Clinical effectiveness

Buhl et al. 2015 was designed according to regulatory authority COPD guidelines, which state that each drug in a fixed-dose combination must make a documented contribution within the combination to the claimed effects (Dutch Public Assessment Report [PAR] for Spiolto Respimat inhalation solution). These regulatory guidelines require at least 2 co-primary outcome measures: a lung function improvement and a symptomatic improvement. The fixed-dose combination must therefore show a clinically relevant improvement in lung function and symptomatic improvement over the mono-components.

Lung function

For both of the RCTs in Buhl et al. 2015, tiotropium/olodaterol statistically significantly improved trough FEV1 and FEV1 AUC0-3 change from baseline to week 24 compared with tiotropium and olodaterol monotherapy (see table 1 for details). Trough FEV1 is used as a measure to assess the 24‑hour bronchodilation profile. In the individual studies the mean treatment difference for the change from baseline in trough FEV1 for tioptropium/olodaterol compared with tiotropium was 0.071 litres (95% CI 0.047 to 0.094; p<0.0001) and 0.050 litres (95% CI 0.024 to 0.075; p=0.0001). For tiotropium/olodaterol compared with olodaterol the mean treatment difference in the change from baseline in trough FEV1 was 0.082 litres (95% CI 0.059 to 0.106; p<0.0001) and 0.088 litres (95% CI 0.063 to 0.113; p<0.0001).

The minimum clinically important difference for change in FEV1 is generally considered to be 0.100 litres (see the full NICE guideline on COPD). However, it is unclear if this is appropriate as a benchmark for clinical significance for comparisons between a combination of 2 bronchodilators (LAMA/LABA) with 1 bronchodilator (either a LAMA or a LABA).

Beeh et al. 2016 was a crossover study with lung function outcomes comparing tiotropium/olodaterol (at 2 different strengths) with fluticasone propionate/salmeterol (at 2 different strengths) in 229 people with moderate to severe COPD (GOLD stage 2 or 3). Each treatment period lasted 6 weeks with a 3 week washout period in-between. Tiotropium/olodaterol 5/5 microgram once daily statistically significantly improved FEV1 area under the curve from 0 to 12 hours (AUC0-12; the primary outcome) compared with fluticasone propionate/salmeterol 500/50 micrograms twice daily; adjusted mean treatment difference for change from baseline 0.129 litres (95% CI 0.107 to 0.150, p<0.0001). For the same comparison, there was also a statistically significant improvement in trough FEV1 (a secondary outcome measure); adjusted mean treatment difference for the change from baseline 0.058 litres (95% CI 0.034 to 0.082, p<0.0001).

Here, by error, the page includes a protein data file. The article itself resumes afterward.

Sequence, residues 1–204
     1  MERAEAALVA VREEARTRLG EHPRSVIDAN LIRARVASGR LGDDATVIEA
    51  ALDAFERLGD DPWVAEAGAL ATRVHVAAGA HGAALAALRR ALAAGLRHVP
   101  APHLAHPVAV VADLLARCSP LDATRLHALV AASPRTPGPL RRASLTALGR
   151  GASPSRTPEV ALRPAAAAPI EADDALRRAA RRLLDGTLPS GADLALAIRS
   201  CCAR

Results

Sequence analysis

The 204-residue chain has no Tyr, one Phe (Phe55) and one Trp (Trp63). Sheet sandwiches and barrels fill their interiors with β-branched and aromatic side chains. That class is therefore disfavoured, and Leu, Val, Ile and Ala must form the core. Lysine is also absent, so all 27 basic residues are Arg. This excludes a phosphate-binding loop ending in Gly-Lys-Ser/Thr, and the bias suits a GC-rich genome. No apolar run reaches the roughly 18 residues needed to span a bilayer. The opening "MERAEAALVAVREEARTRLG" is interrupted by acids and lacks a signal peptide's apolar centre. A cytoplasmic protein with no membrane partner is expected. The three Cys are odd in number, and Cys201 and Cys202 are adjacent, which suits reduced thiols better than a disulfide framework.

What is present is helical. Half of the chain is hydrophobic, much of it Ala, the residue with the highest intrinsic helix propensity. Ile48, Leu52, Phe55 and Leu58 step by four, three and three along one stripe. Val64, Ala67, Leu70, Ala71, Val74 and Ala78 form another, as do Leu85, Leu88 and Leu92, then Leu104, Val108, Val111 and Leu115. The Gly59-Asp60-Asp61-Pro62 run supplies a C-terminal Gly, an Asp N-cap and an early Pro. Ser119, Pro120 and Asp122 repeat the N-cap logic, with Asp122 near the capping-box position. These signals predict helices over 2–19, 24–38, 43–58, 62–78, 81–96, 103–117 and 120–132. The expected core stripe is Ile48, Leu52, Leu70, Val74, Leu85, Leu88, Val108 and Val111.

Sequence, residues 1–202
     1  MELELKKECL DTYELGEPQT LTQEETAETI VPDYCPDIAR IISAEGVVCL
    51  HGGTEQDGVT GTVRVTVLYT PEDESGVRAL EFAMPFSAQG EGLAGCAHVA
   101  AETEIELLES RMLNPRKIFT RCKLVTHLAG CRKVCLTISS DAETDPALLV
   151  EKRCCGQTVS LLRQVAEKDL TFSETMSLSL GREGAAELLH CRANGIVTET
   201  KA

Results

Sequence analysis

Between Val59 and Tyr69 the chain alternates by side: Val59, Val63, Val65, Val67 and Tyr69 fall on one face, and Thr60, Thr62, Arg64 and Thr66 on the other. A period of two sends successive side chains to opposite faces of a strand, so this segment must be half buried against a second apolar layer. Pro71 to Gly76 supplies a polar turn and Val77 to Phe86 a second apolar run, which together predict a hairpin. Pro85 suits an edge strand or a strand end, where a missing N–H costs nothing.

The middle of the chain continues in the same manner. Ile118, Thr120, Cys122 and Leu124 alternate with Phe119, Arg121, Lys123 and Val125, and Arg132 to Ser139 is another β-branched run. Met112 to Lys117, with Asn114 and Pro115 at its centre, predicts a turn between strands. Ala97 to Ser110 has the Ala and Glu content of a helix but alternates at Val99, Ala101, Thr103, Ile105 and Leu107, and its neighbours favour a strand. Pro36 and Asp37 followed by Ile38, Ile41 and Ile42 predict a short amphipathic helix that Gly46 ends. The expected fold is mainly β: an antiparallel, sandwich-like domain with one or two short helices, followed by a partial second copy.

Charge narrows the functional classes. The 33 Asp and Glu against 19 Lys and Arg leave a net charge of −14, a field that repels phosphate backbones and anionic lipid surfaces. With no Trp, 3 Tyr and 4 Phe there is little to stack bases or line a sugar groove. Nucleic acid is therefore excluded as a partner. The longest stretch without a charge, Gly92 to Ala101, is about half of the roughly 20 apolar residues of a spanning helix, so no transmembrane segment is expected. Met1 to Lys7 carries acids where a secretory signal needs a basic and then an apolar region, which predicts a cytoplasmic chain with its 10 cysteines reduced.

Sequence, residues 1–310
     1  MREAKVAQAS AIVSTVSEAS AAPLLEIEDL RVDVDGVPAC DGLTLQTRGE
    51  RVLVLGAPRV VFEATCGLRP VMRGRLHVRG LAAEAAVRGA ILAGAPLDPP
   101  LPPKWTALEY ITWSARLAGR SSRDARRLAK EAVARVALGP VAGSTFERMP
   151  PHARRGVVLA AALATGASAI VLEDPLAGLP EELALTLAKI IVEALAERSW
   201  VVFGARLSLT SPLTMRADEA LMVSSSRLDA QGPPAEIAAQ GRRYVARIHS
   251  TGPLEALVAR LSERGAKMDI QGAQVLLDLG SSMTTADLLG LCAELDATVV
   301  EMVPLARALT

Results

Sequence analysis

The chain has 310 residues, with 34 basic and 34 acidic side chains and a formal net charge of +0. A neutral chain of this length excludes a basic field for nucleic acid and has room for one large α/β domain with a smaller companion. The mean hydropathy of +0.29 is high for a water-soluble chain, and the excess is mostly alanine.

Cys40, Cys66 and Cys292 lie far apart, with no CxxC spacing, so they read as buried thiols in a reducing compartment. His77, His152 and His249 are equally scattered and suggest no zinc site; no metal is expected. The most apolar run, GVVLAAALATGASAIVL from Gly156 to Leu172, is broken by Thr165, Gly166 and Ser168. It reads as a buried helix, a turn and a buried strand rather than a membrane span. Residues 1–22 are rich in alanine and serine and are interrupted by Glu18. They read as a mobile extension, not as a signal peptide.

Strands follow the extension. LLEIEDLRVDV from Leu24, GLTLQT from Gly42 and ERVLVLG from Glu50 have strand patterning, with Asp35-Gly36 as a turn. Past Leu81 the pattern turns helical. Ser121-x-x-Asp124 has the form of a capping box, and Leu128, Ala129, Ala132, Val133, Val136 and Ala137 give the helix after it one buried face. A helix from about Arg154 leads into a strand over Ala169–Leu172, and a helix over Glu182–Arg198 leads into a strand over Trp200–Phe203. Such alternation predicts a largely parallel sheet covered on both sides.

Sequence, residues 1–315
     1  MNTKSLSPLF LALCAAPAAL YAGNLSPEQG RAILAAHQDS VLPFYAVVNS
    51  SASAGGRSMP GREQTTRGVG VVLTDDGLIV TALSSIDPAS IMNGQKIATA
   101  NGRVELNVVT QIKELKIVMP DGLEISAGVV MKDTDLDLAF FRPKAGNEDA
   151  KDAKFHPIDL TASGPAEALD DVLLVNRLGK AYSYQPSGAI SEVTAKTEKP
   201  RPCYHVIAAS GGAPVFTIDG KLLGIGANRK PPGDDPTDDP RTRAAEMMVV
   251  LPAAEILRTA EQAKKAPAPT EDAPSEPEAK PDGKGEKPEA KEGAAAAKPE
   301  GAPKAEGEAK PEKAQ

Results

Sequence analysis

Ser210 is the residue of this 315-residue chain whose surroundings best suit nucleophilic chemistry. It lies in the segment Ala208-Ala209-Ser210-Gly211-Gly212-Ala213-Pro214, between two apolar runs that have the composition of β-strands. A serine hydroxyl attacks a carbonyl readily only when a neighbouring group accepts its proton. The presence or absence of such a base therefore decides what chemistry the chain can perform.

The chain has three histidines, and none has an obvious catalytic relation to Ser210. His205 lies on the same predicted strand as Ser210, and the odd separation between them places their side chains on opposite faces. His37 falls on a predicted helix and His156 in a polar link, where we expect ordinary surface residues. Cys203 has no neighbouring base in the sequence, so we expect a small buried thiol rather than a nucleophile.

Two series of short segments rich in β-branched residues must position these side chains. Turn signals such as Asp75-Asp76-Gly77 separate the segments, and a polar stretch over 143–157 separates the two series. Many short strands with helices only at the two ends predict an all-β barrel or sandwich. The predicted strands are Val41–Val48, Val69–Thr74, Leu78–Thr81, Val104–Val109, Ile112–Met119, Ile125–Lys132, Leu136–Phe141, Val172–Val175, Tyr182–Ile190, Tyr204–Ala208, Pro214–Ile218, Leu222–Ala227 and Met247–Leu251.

Health-related quality of life

The third primary outcome in Buhl et al. 2015 was adjusted mean SGRQ total score (a measure of health-related quality of life) for both studies combined after 24 weeks' treatment (see table 2 for details). The minimum clinically important difference for change in SGRQ total score is generally considered to be −4 units (see the full NICE guideline on COPD)